These past several weeks at the Hypogaeum, our basement studio in Maryland, has seen the completion of a months long project for which I am most excited about, especially as we move into Black History Month out of the celebration of the life and legacy of Martin Luther King, Jr.
One of my great loves has led me to begin to specialize in the refurbishing and inlaying of chess sets. Chess is a game I learned as a boy and I have many fond memories of playing the game with friends and youth who I taught the game to.
Chessboards make beautiful canvases for wood inlay and I am always on the look out during my thrift store jaunts for the incredible variety and uniqueness of chess pieces as well.
Imagine my delight then when I discovered a set of handcarved African chess pieces. Upon closer inspection I noticed that three of the white pieces were missing. Fortunately I was able to use the black pieces as patterns and so handcarved pieces to match.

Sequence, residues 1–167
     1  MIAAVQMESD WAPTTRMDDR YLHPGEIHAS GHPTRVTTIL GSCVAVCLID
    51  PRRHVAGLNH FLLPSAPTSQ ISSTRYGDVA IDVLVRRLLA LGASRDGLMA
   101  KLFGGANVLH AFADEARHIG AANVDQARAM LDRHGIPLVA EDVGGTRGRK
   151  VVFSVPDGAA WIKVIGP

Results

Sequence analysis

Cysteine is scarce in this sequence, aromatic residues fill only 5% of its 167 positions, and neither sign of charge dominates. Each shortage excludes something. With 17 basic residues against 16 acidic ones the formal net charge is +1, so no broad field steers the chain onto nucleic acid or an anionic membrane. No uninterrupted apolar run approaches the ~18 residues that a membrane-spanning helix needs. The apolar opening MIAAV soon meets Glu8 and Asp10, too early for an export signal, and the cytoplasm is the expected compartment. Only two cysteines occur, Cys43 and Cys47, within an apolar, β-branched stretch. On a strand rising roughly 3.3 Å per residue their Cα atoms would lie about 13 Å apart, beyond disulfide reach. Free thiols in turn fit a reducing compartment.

Then I began to design the chess board. I took one of my Chessboard boxes from my collection, repaired the interior, and then began to design the board.
In keeping with the African theme, I chose wenge, a lovely dark wood from Africa, and interspersed it with two different species of oak from my stock.
I chose Martin Luther King day as the day to begin inlaying the board, taking the time to reflect on Dr. King’s life and be in a spirit of quiet reflection around white privilege and racism as I glued the dark and light pieces together.
I have limited stock of my grandfather’s, but felt that this board in particular should have some of his 45 degree pieces around the border.
I am grateful for those whose work went before me and for the imagination and process which allowed me to bring this idea to fruition.
It is indeed a very special chess set.